Since my little furnace burned up and died, I decided to go back and start working on my original one that I planned on from the start, but never actually got past basic welding and such on the thing. I got a little free time and went back to working on it again, and this is what it looks like so far. Im also building an air compressor at the same time out of an old air conditioner compressor and an old freon tank or empty propane tank, but that’s later on down the road.

Here’s some pics:

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The foundry is made from mainly all junk we had laying around, and what I could source locally. It is far from complete, but it has a good start on it. I used clay/playsand/concrete lining that I used in my original furnace, which worked well for over 30+ melts and many many hours of running at around 2000 degrees. Due to it’s large size, Im abandoning the use of charcoal and going for waste oil burner since people around here just keeps tossing it out faster than I’d even be able to use it.  So I’d have pretty much an unlimited source of fuel for the thing forever, and with thanksgiving coming up, lots of people will be doing turkeys and such, so tons of gallons of peanut oil and such for my projects.

The old furnace lining died due to being scraped out during loading coal/charcoal into the furnace, and the coal turning into the black glass that you usually run into. You dont run into that with the waste oil burner setups, and I coated the thing in grey chimney sweep cement, rated at 3000 degrees, so it should last for a long time. I still need to get the fittings, pressure regulators, some various compression fittings for the oil and air, then hook it all up and put it all together. Also still need to find some type of blower, but not having much luck in that area, may just use an old hair dryer.

The wheels are from an old garbage tote that was supposed to have been crushed, but we stole the wheels from it since the tote was junk. The fuel tank is from a small fire extinguisher, (can you see the irony?) it is all done in 1/4 NPT brass fittings and copper tube except the fuel line, which is poly tubing. I went for poly tubing bc it’s what I had laying around from a kit that I got for the 3d printer stuff, but the tubing was the wrong sizes, but works perfect for this. Also with the poly tubing, its clear, so you can see if the fuel/oil is flowing through the stuff and into the furnace.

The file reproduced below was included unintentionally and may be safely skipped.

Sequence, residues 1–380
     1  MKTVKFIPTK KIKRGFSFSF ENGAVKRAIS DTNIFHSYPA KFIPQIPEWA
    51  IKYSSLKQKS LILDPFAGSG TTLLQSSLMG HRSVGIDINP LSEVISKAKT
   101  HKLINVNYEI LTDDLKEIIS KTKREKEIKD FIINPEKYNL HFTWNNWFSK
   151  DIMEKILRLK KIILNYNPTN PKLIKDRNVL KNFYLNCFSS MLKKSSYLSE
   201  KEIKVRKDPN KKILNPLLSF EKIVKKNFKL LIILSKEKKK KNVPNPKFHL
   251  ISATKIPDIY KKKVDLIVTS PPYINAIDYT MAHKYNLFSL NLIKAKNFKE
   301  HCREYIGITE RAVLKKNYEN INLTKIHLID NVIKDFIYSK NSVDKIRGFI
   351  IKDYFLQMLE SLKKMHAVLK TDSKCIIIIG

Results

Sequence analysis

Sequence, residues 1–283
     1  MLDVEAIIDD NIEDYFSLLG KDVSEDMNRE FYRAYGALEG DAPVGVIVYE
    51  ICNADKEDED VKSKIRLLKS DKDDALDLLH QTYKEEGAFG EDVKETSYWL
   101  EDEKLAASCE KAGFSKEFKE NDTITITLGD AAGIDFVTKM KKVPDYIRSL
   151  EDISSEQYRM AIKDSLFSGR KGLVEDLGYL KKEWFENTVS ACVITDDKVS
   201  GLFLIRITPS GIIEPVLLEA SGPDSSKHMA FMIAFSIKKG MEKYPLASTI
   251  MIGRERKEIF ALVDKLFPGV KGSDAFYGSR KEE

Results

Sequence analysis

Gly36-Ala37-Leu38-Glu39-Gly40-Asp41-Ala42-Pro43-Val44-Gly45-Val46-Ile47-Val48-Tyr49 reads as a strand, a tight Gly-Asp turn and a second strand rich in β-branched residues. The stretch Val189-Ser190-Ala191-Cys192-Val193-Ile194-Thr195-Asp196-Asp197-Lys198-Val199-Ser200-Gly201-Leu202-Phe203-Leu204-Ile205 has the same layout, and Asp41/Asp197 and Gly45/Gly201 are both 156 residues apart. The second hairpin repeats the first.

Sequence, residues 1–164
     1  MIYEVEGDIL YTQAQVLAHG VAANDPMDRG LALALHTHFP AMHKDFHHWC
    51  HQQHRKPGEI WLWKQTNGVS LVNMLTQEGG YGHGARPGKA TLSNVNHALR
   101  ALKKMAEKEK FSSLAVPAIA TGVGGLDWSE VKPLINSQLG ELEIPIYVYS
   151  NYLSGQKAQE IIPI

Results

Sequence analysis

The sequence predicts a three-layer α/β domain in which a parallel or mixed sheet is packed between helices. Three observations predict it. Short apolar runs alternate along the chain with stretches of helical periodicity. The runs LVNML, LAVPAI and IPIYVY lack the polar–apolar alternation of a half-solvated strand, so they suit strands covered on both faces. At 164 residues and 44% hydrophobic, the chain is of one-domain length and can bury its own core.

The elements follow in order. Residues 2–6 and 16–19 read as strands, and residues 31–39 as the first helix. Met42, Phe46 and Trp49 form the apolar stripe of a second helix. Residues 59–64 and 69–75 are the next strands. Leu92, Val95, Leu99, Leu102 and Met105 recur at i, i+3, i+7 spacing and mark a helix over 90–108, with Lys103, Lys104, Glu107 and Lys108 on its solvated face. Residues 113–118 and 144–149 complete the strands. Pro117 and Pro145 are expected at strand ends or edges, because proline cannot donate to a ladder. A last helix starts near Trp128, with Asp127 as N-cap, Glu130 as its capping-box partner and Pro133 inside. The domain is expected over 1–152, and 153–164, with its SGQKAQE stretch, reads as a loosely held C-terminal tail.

The atomizer setup in the thing is based off of the kwiky all fuel burner, so you can run diesel, kerrosine, engine oil, vegetable oil from resturants, old cooking oil like peanut oil and such, whatever you have laying around. The compressor will probably be used for that due to being a little cheaper to run than a commercial air conditioner, and alot quieter to be around.

The air compressor will be made from the AC freon compressor pump, empty propane tank, and various fittings, and will be very silent compared to normal air compressors. Most people used to use them for airbrushing setups, like the hobby airbrushing setups. It kinda sucks to be stuck near a very loud compressor for hours on end while airbrushing stuff, so they used to make these and it’s no louder than someone talking at loudest.

Here’s a video of the compressor unit all wired up and running:

Ill keep adding updates on things as I work on the stuff.

Makerfaire 2014 Part 3

Videos from Makerfaire 2014

Makerfaire 2014 Part 2

Pics from the Makerfaire 2014 taken on other cell phone

Makerfaire 2014 Part 1

My pics from makerfaire 2014 taken on my camera.

mini metal lathe project

When I was trying to make my 3d printer, I kept trying to drill the hotend bolts out, and kept running into trouble getting it drilled straight through. Since I couldnt find anyone with a metal lathe or a machine shop, I just kept wasting bolts and such trying to get one that was decently straight, so I decided that now that I can cast aluminum and such, that I would just make my own metal lathe from junk I had laying around.